Results One of the busiest and most consistent riders of the season, Ceylin del Carmen Alvarado enjoyed a solid race under the floodlights at Diegem. By the end of the race, Alvarado had done enough to move back into the Superprestige overall lead ahead of Annemarie Worst with one round to go (Noordzeecross). Puck Pieterse has had a lighter programme than many of her big rivals, but almost unparalleled consistency. The 21-year-old was clearly flying high and brimming with confidence after taking her first win of the season two days earlier, attacking in the opening lap of Superprestige Diegem, never to be seen again. “Road pros doing cyclocross” is a bit trite to describe the seasons-long commitment to cyclocross of riders like Zoe Bäckstedt and Blanka Vas. Two in a row. Boom. The ‘Turbo Cross’ exhibition race took place between the two elite events, in which influencer “Average Rob” challenges other influencers and former pros to race two laps of the Diegem course. Also on the start line were his brother “Arno the Kid,” Belgian National Coach Sven Vanthourenhout and influencer-turned-pro-turned-team boss Bas Tietema. 20-year-old Lukas Vanderlinden (Pauwels Sauzen-Bingoal) races his shadow during the elite men’s race. Van der Poel won every edition of this race between 2014-2019. Could he make it seven? Or rather, could anything or anyone stop him from making it seven? Florian Vermeersch is now more focused on the road ( or gravel) bike with ProTeam Lotto Dstny, but he’s sprinkled some cyclocross racing into his winter programme since he was a whippersnapper – he was a high achiever as a junior CX racer. Michael Vanthourenhout’s season has been a bit of a rollercoaster, but he’s nearly always present and if he goes down, he goes down fighting. The European champion had a pretty good race through the dark, finishing a close fourth. With Van der Poel taking victory after spending more than half the race solo, Tom Pidcock came out best of the rest after a late skirmish with Eli Iserbyt. Van der Poel took his seventh Diegem title by 49 seconds to take his fifth consecutive victory of the season. Next stop: Azencross, where persistent pouring rain almost completely flooded the circuit, leading to several long sections of deep, muddy puddles. Some of the more prolific winners of the 2023-24 season opted to stay home (and dry), leaving an in-form Sanne Cant and Kristyna Zemanová open to wrestle over the spoils in the Loenhout mud. Val di Sole winner, Manon Bakker, also seemed to enjoy the mud. But it was Sanne Cant who stole the lead, staying clear to log her first win since the Belgian national championships at the start of 2023, and her 125th career victory. Gianni Vermeersch: happy as a pig in sh1t. His teammate Jente Michels perhaps less so … Felipe Orts had a brilliant race-long battle for the podium, his bold Spanish national champ’s kit shining through the slime. The Spaniard and a bloodied Ryan Kamp battled for the last step of the podium, both of them braced for a new year as privateers with no new contracts on the table. Wash or toss? I don’t think I have detergent strong enough for that job. After the mudbath of Azencross, it was a return to World Cup competition and the iconic Hulst course. Del Carmen Alvarado has a pretty commanding lead in the overall World Cup standings. Pieterse continued to soar back on Dutch terrain. Fem van Empel had a bit of an off day at Hulst, if finishing fourth counts as such. The World Champion is reportedly still struggling with a knee injury and road rash on her elbow suffered during a recent warm-weather training camp. She’ll take a break to allow her body to properly recover after the Kerstperiode. Pieterse had attacked in the opening lap and looked likely to surge to a dominant win, but she was forced to ride hard to keep Del Carmen Alvarado and Lucinda Brand at bay in the closing laps. It was quite a display. That’s three wins in a row from Pieterse. The Dutch national champion has made ten appearances this season and is yet to finish off the podium (in order: 2, 2, 3, 2, 3, 2, 3, 1, 1, 1). Van Empel can’t even say that (anymore) – though her 11-long winning streak has plenty to say for itself … Hulst is known not only for its windmill, but its super-steep climbs and descents, and none look so challenging as this vertiginous scramble, shown early in the race – note the World Champion taking the long route up the left-hand side. Mud and mini-mullets. Eli Iserbyt looked determined from the start, but the World Cup leader would ultimately DNF, his first of the season. His overall lead remains intact though. The elite men’s start list in Hulst was pretty spectacular, but it wasn’t Wout van Aert’s day, the former world champion forced to chase and settle for fifth after a mechanical-marred race. It’s kinda beautiful, right? Pidcock was another of the “Big Three” to have a day to forget. The Brit found himself at the bottom of a pile-up right out of the start, which left his bike unrideable, forcing the former World Champion to run to the pits. Ryan Kamp’s last day wrapped in familiar sponsors before beginning 2024 as a privateer. It’s not all doom and gloom though. The 23-year-old took up the Roodhooft brothers (of Alpecin-Deceuninck fame) on their offer to help him out should he remain unstuck into the new year. Though unable to offer him a contract, they have helped the young Dutchman source kit and equipment sponsors, and provide a salary so he can continue racing at the top level. Wout van Aert about to tip over the top. A familiar sight: Joris Nieuwenhuis and Lars van der Haar threaten the favourites with persistent pressure. Not sure what my favourite part of this picture is, Van der Poel’s locked grill or his boss Christoff Roodhooft’s passive expression from the barriers as his star rider goes after yet another gong. His seventh consecutive win was somewhat marred by an incident with some over-excited fans on the final lap, by which point Van der Poel was thoroughly fed up of their booing and resorted to spitting at the group as he passed them one last time. The World Champion was later fined for his actions by the UCI commissioners, while the race organisers stated that “these types of spectators do not belong,” adding that the group had also been aggressive towards two accredited photographers during the race. Finally, the Kerstperiode wound up in Baal on New Year’s Day, home of Sven Nys, the Sven Nys Cycling Centre, the X2O Trofee Baal, and a much-needed cleaning station. Mud, glorious mud. Sanne Cant has ridden into some great form in time for the Kerstperiode. The veteran Belgian was fierce in the chase after early leaders Lucinda Brand and Fem van Empel broken clear, but a good deal of bad luck prevented the 34-year-old from contesting the podium in the interminable mud. Brand looked the stronger rider in the early laps, but Fem van Empel can never be underestimated, even when riding injured. The World Champion was dogged and determined, fighting through slips and visible winces to match Brand and hope she could outlast her older compatriot. The big dipper section was highly entertaining. If taken at enough speed, every up-ramp looked liable to toss a rider into the dirt. The ride of the day came from 18-year-old Canadian National Champion Ava Holmgren, who raced onto the elite podium on her very first day in Lidl-Trek kit, capping off a day that began with one of the greatest kit reveals we’ve seen this winter alongside twin sister Isabella Holmgren (who added a ninth-place finish to the family’s New Year celebrations). Van Empel was eventually able to shake off Brand after a gritty duel. A powerful running section and her speed up the road finally got rid of Brand’s threat, and Van Empel sealed victory 13 of the season (of 15 starts). Thibau Nys started strong at his dad’s race – Sven won 12 out of the 16 times he competed – but Nys Jr. faded a little after chasing the three leaders hard in the opening laps. He finished sixth. Van Aert came hard out of the blocks, drawing Van der Poel clear of the field in the opening lap. The pair were joined by Pim Ronhaar at the front of the race as they hit the treacherous muddy puddles, which hid all manner of obstacles underneath. Safe to say that Ronhaar is absolutely flying in his first full elite season. Van Aert’s box-fresh Visma-Lease a Bike kit took a bit of a thrashing as the rider battled against the conditions, the technical sections, and his rivals. A few tricky moments and mistakes let Van der Poel pull clear, then Van Aert briefly lost his position to Ronhaar, but he would not give up … Pidcock’s 2024 started better than 2023 had ended in Hulst, but the Brit – wearing a special CX edition team jersey – didn’t have luck on his side. His frustration showed when he was launched from his bike by a hidden hole in the ground; he finished 12th, while compatriot Cameron Mason made a triumphant return to the top-10 with eighth in the mud. Is that a mullet, Mathieu? An extremely familiar sight in December as Van der Poel is unbeaten with eight wins in just over two weeks of racing. What did you think of this story?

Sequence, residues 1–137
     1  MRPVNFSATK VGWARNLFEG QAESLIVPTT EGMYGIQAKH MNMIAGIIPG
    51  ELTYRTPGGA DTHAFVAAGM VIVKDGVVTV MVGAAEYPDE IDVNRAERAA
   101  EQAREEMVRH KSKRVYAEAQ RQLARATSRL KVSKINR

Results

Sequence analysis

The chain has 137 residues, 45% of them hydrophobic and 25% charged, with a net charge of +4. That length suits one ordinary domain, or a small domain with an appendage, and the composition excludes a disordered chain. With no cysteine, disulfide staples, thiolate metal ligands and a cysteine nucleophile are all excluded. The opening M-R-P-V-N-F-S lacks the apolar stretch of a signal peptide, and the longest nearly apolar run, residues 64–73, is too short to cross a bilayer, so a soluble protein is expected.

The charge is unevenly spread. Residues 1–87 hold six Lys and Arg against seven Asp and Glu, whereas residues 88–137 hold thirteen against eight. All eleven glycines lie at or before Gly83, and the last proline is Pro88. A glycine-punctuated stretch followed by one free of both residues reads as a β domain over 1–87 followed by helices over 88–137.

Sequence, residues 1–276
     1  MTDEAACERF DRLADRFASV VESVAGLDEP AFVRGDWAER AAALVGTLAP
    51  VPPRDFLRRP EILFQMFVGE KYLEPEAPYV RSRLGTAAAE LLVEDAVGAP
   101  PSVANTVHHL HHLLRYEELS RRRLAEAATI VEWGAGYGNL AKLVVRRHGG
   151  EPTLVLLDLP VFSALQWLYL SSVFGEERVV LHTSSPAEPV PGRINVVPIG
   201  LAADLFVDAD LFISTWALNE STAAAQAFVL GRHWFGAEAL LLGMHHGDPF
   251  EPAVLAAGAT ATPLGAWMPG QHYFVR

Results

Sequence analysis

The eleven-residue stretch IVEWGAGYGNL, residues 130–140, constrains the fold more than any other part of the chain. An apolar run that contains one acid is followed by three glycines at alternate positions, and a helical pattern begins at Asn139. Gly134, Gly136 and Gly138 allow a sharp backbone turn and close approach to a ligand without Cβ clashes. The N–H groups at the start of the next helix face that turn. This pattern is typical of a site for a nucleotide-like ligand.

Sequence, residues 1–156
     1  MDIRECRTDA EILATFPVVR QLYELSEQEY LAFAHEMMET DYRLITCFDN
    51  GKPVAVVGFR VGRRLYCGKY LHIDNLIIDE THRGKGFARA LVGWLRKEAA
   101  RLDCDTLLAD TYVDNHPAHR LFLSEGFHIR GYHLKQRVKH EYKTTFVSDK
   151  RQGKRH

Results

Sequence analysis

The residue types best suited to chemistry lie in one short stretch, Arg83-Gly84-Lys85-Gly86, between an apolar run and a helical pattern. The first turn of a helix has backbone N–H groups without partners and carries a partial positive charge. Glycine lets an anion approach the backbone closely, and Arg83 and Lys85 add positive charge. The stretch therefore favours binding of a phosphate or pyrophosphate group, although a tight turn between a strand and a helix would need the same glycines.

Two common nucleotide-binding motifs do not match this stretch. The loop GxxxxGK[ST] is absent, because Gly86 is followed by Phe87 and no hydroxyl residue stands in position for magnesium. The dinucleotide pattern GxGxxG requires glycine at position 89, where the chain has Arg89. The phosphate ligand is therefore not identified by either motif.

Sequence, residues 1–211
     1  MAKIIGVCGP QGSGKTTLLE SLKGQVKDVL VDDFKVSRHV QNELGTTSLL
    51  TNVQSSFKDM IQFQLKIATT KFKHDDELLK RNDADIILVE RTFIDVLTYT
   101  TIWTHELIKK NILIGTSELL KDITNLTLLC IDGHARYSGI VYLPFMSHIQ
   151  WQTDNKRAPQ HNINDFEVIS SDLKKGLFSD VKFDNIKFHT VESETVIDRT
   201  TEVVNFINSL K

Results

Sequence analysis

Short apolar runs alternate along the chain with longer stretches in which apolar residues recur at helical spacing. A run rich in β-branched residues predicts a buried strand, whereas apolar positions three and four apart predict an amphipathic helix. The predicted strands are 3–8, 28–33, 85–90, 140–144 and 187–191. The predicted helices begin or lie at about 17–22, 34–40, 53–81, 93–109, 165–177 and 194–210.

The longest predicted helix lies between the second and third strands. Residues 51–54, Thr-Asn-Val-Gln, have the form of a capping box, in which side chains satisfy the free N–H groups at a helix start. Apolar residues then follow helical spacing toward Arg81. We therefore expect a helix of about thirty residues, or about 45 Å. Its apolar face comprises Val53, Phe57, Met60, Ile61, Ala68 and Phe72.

😐Meh 😊️Solid 🤩Excellent